So you want to become a tailor. But just what does that mean? Many people have mistaken impressions about what a tailor really does. They confuse tailors with designers, cutters, factory workers assembling ready to wear garments, and many other jobs that are similar, but not exactly the same. It doesn't help that the term tailor can encompass a lot of different jobs, depending on who you ask. Some people refer to themselves as tailors if they only do the alterations or construction of clothing, while other tailors are also designers, cutters and fitters in one-person shops. Tailoring can also run the gamut from relatively simple sewing on everyday clothing to the highest end bespoke suits in Savile Row. Here's a look at some of the most basic parts of becoming a tailor.
First, know that there are a few basic requirements for anyone in this field. You need to love fabric and sewing, and the act of creating something. You also need to be precise and a perfectionist. A good tailor just won't create a so-so garment. Add in a need for decent mathematical skills and basic bookkeeping and you'll see that not just anyone can get this kind of job. Tailors have to be able to follow instructions precisely, while using their own judgment to create a garment that will fit the person they're making it for - not an idealized form.
It's a good idea to get some schooling, either at a fashion and design school, or as an apprentice to a skilled tailor who's already in business. Don't make the mistake of assuming that a tailor is the same as a designer. Tailors generally work on the construction of clothing, not the initial design of high fashion. Most won't even be involved in fitting the pattern to the person who's going to wear it or in cutting out the fabric. Those are separate jobs in many shops.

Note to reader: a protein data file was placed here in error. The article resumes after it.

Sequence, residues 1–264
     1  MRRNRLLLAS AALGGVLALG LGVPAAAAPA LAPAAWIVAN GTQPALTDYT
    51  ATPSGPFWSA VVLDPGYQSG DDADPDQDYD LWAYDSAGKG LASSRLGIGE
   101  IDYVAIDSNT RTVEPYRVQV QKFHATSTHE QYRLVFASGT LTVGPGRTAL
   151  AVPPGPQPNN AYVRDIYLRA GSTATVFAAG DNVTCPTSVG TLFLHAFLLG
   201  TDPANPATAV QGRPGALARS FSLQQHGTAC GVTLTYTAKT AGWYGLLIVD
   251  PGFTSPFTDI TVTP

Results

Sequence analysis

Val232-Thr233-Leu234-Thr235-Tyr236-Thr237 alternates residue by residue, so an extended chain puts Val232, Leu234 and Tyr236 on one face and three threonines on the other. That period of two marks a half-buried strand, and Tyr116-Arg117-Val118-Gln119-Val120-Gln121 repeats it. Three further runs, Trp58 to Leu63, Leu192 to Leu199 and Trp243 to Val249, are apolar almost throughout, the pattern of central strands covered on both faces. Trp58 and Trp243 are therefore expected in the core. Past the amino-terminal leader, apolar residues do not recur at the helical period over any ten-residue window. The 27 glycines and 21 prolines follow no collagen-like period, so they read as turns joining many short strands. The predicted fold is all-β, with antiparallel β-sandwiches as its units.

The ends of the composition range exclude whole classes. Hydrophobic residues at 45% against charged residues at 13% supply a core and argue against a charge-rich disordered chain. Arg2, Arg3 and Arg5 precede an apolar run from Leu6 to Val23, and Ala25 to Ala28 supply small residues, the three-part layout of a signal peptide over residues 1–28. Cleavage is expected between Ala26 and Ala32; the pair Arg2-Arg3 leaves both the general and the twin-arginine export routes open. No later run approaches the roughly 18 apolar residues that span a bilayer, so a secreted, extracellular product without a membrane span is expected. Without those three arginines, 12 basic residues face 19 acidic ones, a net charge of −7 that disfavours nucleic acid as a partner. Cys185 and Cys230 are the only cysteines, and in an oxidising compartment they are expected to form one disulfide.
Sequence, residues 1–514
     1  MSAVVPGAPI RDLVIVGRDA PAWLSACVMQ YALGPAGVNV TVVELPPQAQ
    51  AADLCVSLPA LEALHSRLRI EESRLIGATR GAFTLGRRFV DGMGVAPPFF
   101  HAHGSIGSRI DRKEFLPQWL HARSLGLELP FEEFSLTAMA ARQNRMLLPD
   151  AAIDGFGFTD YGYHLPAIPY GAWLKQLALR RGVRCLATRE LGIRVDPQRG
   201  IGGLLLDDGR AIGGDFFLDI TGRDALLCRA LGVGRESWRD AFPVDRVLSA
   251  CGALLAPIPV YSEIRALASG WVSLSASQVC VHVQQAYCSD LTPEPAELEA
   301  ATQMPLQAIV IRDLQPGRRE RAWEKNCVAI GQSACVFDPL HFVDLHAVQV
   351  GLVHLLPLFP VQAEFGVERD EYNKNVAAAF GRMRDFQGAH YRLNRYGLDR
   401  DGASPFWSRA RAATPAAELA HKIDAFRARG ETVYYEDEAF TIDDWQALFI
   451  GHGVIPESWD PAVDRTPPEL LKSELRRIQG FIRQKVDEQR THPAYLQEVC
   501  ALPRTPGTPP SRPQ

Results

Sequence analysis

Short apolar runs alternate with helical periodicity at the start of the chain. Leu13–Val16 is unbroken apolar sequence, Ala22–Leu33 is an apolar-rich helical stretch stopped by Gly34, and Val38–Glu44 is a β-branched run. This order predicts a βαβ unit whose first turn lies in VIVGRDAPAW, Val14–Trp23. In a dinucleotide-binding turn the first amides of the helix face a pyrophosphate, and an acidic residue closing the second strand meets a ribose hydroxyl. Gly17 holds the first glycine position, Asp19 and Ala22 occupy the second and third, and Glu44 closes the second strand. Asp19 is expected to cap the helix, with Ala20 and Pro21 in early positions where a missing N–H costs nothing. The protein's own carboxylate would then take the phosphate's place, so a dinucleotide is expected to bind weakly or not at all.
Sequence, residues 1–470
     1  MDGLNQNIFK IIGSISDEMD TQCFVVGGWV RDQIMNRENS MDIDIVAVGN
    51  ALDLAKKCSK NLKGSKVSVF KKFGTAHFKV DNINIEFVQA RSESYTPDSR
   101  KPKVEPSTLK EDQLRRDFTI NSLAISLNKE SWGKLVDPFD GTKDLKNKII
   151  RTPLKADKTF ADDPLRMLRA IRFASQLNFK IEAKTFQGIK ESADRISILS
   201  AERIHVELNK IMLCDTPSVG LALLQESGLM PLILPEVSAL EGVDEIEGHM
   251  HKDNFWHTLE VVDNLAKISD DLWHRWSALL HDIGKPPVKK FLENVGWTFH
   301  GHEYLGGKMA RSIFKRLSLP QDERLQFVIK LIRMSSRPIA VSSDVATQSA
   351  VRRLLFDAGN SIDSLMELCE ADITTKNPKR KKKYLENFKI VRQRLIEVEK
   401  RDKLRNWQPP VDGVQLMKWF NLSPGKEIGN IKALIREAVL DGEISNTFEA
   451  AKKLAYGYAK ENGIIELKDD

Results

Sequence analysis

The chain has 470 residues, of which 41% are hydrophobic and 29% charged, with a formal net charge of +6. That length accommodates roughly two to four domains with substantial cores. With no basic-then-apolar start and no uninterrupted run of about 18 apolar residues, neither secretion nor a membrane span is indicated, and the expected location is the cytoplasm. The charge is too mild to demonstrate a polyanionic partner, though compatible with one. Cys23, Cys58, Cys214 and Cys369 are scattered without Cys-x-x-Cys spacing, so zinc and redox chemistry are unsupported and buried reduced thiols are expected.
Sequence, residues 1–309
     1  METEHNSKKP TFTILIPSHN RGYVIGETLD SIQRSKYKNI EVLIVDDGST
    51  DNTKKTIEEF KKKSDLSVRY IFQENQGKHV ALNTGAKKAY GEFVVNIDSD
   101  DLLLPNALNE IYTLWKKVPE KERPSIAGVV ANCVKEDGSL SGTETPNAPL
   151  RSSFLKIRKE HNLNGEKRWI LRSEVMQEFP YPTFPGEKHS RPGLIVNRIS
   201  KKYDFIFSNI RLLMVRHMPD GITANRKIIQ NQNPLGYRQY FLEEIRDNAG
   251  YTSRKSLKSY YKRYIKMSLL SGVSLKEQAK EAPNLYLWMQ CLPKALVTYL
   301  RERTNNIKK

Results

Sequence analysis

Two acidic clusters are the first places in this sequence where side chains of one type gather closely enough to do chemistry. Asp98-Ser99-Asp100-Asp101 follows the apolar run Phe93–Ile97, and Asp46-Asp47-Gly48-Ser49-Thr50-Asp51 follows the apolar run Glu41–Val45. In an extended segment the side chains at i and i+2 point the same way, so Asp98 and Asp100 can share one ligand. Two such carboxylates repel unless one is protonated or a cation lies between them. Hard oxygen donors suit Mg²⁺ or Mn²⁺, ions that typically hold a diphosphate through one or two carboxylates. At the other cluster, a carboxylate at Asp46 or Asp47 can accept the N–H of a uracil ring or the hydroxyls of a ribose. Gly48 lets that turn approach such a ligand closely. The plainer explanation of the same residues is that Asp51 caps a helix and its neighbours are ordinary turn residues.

Remember that this isn't a field you can just jump right into. Tailoring requires years of experience and practice. You can start with your own clothing, or that of friends and family, or get some minimal training with a local alterations service. But don't stop there. Work on higher end garments and learn all you can about how to construct anything and everything. After all, you never know what you'll be asked to work on. Don't dismiss old fashioned techniques just because they're old, either. Many of them are required if you want to make a traditional suit or several other types of garment.
Most tailors will specialize. While it's a good idea to have general knowledge of most types of sewing and garment construction, you'll probably find that you get most of your work in just a few areas. This is particularly common for tailors who've apprenticed. They'll tend to see the same kind of work as their masters. It's important to become extremely good in your area of specialty, and to know the ins and outs of how to fit many different body shapes. Being versatile and experienced is important for anyone who wants to succeed in tailoring. Taking shortcuts or assuming you know everything will be disastrous.
Being a tailor can be an extremely rewarding job, if you've got what it takes. You have to do more than just a few fittings, or know how to hem a pair of jeans. The job takes attention to detail, a willingness to practice, and an unwillingness to send out garments that are less than perfect. Plus, you have to be willing to keep on learning throughout your whole life. However, if you take the time to do this, you'll find that this is a wonderful career. There are great opportunities out there in tailoring - after all, many people still realize that a custom fit, hand made garment is worth the extra cost.
If you're interested in becoming a tailor, start learning now. Find out what your preferred interests are and look for someone who can help you get the skills and knowledge you need. It's worth it in the end.
How to Become a Tailor161 Views
by Silas Reed